September 24, 2009

Down At The River

While down at the water I was speaking with an elder man, a native of the city. We were talking of many things as old men will do and we eventually got around to his new vehicle. I was shocked when he said, “Yeah, I ran into this nigger woman down in C________." I was shocked by how ordinary it was for him to just use the word in daily conversation. The ordinariness of what he said was strikingly matter of fact, commonplace. He apparently felt I shared his views and kept talking.

He kept up about the incident about how more “n_____s” kept arriving. He said he felt threatened until friendly deputies showed up. He believed he got the last laugh as he believed the crowd thought the deputies were taking him to jail when in fact they were only giving him a ride home.

Let me tell you as a white man in the deep south that incidents like this are not uncommon. Despite some claims to the contrary there is a very deep vein of racism running through some of the white population. In most cases the N word doesn’t come up until the speaker is sure everyone present shares his or her views. Others just don’t care. It is their worldview and they see/have no reason to change.

The implication is that white folk are superior and that all African-Americans are slow, stupid, inferior, a segment of their society that just has to be tolerated. Their world is literally black and white. Here there are still black and white funeral parlors, black and white churches, even black and white barber shops. Many whites have no interest in dying, worshipping or spending any time in the company of non-whites. The problem is systemic and endemic.

Personally, I don’t understand it. I have felt the sting of being ignored, demeaned and mocked because of my social status. How much worse to endure centuries of organized and (but no less strident) individual, perpetual racism? Are we not all in the image of our maker? Would our Lord create any of less value in his eyes than the other? We are told to love without reservation, not to pick and chose only among those who we believe look like us. The vestiges of racism are an embarrassment to the South, to America and to humanity.

What does it say about me that the old man thought it was ok to speak this way in my presence? I know what it says about me that I was only silent in protest. Lord have mercy.

3 comments:

s-p said...

When I was maybe 3 years old (in the 50's) my parents took me to visit my grandparents in Arkansas. They put me on my grandmother's lap in the front seat of the car as we drove around Little Rock and they taught me to yell "HEY JIGABOO!" out the window at the Blacks. Everyone in the car apparently got a hoot out of it. The South has not really gotten much better except perhaps in some isolated pockets of the bigger metropolitan areas. I too was racially profiled for years being half Chinese...then finally Bruce Lee and Cheech and Chong liberated me from being called Charlie Chan. I guess my question is, what good would a protest do? It would only make me feel like I stood up, but to what? An immovable object. And it just seems like a waste of time and energy.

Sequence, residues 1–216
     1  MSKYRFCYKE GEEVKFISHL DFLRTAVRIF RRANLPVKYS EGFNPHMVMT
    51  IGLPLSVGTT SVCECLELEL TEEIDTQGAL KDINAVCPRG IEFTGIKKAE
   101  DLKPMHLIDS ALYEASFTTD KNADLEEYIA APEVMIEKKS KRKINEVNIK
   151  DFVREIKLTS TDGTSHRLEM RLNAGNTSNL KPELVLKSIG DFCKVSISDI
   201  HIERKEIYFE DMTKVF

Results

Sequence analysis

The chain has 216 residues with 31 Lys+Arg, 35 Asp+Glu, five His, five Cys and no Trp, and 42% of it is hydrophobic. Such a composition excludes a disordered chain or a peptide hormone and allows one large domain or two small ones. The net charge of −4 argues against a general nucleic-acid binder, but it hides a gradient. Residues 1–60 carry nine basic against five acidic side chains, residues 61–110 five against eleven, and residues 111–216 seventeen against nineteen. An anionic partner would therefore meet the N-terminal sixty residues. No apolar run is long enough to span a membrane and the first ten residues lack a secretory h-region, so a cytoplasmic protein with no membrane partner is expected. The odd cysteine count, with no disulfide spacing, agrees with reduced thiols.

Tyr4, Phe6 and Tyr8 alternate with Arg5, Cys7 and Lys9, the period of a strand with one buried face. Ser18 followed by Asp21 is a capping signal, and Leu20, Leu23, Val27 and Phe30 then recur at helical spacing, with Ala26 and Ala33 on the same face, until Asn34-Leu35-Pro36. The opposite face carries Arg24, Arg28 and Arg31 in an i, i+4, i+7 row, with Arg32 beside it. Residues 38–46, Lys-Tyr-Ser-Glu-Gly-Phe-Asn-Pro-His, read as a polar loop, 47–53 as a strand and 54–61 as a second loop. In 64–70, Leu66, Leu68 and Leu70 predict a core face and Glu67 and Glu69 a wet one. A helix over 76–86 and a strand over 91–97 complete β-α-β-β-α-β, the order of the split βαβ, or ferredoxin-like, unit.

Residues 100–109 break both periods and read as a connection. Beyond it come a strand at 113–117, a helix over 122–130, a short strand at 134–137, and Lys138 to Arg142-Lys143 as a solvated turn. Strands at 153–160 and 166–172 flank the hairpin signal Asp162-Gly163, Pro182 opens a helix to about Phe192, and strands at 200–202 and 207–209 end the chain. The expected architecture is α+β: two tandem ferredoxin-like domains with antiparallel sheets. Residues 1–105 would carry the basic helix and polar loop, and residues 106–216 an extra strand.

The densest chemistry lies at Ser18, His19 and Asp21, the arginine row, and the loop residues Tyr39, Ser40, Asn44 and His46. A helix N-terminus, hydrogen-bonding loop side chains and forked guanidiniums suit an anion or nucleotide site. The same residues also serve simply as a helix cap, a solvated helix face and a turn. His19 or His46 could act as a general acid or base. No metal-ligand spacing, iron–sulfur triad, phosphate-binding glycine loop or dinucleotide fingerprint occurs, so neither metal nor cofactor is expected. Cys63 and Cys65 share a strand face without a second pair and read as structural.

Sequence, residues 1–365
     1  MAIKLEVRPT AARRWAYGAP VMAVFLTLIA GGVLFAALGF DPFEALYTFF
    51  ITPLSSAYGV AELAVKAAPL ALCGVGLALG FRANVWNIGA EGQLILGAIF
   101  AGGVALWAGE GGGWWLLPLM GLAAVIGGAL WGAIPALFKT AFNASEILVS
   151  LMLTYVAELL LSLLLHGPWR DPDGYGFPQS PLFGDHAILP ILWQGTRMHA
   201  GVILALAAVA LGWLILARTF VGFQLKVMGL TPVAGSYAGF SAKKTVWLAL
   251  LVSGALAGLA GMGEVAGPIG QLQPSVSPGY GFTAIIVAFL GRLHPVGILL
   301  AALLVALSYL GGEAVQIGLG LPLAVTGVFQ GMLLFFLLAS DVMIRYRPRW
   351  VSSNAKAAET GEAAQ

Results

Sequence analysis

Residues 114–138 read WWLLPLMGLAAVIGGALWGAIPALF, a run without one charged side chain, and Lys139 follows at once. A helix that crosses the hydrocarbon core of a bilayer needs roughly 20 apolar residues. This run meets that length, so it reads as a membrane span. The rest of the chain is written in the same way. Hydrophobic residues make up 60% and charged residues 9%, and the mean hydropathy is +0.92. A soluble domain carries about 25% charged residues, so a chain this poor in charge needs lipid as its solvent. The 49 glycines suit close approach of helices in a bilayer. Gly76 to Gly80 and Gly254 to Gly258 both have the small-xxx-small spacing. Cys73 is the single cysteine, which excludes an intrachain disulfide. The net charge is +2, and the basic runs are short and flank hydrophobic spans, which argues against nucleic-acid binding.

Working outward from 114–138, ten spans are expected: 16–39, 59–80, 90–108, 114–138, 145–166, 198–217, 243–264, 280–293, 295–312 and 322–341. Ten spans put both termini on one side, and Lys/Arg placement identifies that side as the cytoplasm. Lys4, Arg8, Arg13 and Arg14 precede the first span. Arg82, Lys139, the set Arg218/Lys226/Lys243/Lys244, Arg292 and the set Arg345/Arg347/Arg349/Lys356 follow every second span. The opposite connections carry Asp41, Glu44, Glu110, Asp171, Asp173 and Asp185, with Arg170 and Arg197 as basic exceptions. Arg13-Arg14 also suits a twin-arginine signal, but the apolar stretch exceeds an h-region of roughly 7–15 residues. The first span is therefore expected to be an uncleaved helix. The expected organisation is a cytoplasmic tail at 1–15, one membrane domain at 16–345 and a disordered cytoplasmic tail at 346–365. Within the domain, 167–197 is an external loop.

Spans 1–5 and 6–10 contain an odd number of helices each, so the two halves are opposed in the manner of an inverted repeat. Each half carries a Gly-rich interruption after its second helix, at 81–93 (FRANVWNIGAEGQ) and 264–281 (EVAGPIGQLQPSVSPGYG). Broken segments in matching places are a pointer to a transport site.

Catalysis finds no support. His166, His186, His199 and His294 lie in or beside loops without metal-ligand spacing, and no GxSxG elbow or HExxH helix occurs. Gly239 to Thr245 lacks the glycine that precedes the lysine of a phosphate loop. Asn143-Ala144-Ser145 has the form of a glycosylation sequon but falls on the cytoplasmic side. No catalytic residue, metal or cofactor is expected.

Anonymous said...

Dare I comment on this? Personally, as a Southern caucasion, I believe racism is far less than it was 30 years ago. Both sides of the "race card" need to drop it. However, human nature does not allow this blight on society to completely go away. I pray that over the next couple of generations, we, as a society, can overcome this horrible mentality.

I once rented property from a gentleman who truly despised black people. I had a conversation with him concerning what scripture teaches...deep rooted racism continued even after the scriptures should have caused him to reconsider his position.

I filled a preaching appointment once in which the senior deacon approached me apologizing for the location of the church (not an all white neighborhood). He said this use to be a fine neighborhood, but not anymore. That went all over me. I had something entirely different prepared to deliver as my sermon...the Lord changed my mind...My sermons developed around how the church should resemble the area in which it resides.

After services, a sister of that church came to me and said, "I know what you preached was right, but I didn't like it."

People get things engraved in them. It is at the very core of their lives. It take sincere self examination and awareness to overcome these prejudices in our lives. It takes Christ!

I have come to realize, most church goers do not realize the fact that Moses' second wife was an Ethiopian, a very dark skinned race.

I don't want people to forget their heritage, shoot, I like mine (for the most part), my heritage is about family, hard times, laughter and so on. Our heritage should be important and mine includes a womanizing grandfather and another a wife beater. Those two men are a part of my heritage, but I choose not to run around with different women, nor do I beat my wife. I hope I have learned something from my heritage.

We should learn from the good and the bad of our heritage...keep that which is good and throw out that which is bad.

Chris

elizabeth said...

Wow. I would feel shocked to hear this. Very Sad.

Hard to know how to handle such a situation.

Lord have mercy on us all.